FEEL the Love was the song of summer 2012.
It was endlessly played during The Queen’s Jubilee street parties. It was the song chosen for the London Olympics montages. Arguably it was the song of 2012 in its entirety; the year when everyone was feeling a little more patriotic.
With its infectious Kumbaya-esque happy hook over an exhilarant drum and bass beat, Feel the Love catapulted to No.1 and launched Rudimental, four young boys from Hackney, London, as electronic hit-makers.
It was a case of mosh, crowd-surf or get the hell out the way as the bass became progressively thunderous. Always keen to get involved, screaming a long to More Than Anything, squashed between two large men who had by this point removed their soaked T-shirts, I experienced what could only really be explained as sweaty euphoria
The celebration of Rudimental’s success continued for the final performance of their UK tour at the Manchester Academy this week. This time the boys were rejoicing the week’s big news, Rudimental scored another No. 1 with their debut album, Home.
Synonymous with the rave and club scene, the Jungle and UK garage inspired electronic creators led an uninhibited performance that encouraged an uninhibited crowd.
Pacing the stage with a Jack-the Lad strut, the groups hype-man, DJ Locksmith stayed front centre, to ensure that the crowd stayed peaked at manic.
“We are Rudimental and we’re here to do whatever we want,” he bellowed.
Preferring to take sips of wine to water, DJ Locksmith was intent on starting a party.
It was a case of mosh, crowd-surf or get the hell out the way as the bass became progressively thunderous. Always keen to get involved, screaming a long to More Than Anything, squashed between two large men who had by this point removed their soaked T-shirts, I experienced what could only really be explained as sweaty euphoria.
Rudimental really know how to write a good hook, as much as they are skilled at creating climatic bass drops that make you want to jump around all primitive-like and potentially lose your shoes.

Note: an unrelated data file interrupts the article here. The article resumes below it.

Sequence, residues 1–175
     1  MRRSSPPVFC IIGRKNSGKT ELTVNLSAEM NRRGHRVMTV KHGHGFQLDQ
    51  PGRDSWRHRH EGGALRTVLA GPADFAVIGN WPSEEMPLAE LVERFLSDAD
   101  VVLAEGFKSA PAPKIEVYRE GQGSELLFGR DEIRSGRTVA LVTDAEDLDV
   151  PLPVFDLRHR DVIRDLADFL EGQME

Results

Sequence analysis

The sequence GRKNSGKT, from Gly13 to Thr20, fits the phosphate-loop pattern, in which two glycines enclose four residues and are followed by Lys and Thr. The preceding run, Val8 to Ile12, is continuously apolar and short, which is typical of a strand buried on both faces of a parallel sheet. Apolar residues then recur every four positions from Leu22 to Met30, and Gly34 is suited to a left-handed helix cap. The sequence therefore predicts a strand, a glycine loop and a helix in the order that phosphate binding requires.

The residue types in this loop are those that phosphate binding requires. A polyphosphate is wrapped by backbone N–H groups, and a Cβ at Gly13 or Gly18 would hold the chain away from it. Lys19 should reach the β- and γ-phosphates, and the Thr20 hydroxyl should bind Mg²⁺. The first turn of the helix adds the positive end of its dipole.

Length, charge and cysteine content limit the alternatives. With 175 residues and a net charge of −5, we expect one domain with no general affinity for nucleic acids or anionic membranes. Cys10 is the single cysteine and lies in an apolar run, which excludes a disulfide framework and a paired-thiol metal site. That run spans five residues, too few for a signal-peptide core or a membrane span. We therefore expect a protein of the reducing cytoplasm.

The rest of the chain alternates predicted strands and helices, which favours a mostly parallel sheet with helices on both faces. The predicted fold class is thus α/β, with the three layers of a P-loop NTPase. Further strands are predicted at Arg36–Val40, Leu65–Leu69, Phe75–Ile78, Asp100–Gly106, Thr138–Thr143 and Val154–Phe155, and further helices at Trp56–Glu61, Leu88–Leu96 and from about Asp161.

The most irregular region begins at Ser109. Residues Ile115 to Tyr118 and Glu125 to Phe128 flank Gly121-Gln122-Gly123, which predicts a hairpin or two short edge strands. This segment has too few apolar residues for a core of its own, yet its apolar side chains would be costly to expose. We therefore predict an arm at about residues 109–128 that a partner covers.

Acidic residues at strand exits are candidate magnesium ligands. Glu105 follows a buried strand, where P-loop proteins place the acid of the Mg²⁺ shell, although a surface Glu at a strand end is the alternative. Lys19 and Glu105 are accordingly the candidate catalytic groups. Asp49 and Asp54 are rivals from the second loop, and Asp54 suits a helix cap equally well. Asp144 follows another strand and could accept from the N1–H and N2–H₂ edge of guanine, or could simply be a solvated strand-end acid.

Energy and temperature levels soared during a rendition of Not Giving In, featuring guest vocalist, John Newman, the husky toned singer that features on Rudimental’s biggest hit.
Clearly elated with the affiliated acclaim he’s received, John in his support performance described this week as one of the best of his life.
Along with John Newman, ‘Home’, gave a platform to talented vocalists including rapidly upcoming producer and songwriter MNEK, hip-hop’s girl of the moment Angel Haze and of course, Britain’s best loved songstress of the Olympics, Emeli Sandé .
It was to be expected that Miss Sandé who is touring the US right now wouldn't be there, yet Sandé’s presence wasn’t missed.
In her place, Ella Eyre, singer on track popular track Waiting All Night, was given a well-deserved spotlight. Eyre performed with soulful passion and a feisty energy that I expect could sign-post her as a contender for future fame.
As was the smouldering Sinead Harnett, the featured vocalist on songs Baby and Hide, whose sweet, song-bird voice nicely juxtaposed with Rudimental’s powerful, speed demon BPM.
Often described as Drum and Bass purists, Rudimental’s take on live music is modern and fresh. It was a collaboration of drums, an electric guitar, a skilled trumpeter and DJS - they even brought back the ‘wah wah’ pedal. Hard to expect anything less from Rudimental, they are largely experimental, as detailed with their first single, Spoons - a hit conjured from a spontaneous mess about with well, two spoons.
Rudimental have got the all important sign of approval from tastemakers Zane Lowe, Annie Mac and DJ Target and there’s an element of pride watching a home-grown talent do so good.
Returning back to the stage for an encore to rapturous applause, you could sense how appreciative the guys were from the fantastic reception.
On the final bow DJ Locksmith addressed the crowd for a final time,
“We are Rudimental and we’re here to give you our heart and f****** soul.”
That's exactly what it felt they had done.
Rudimental's No.1 album, Home, is available now.
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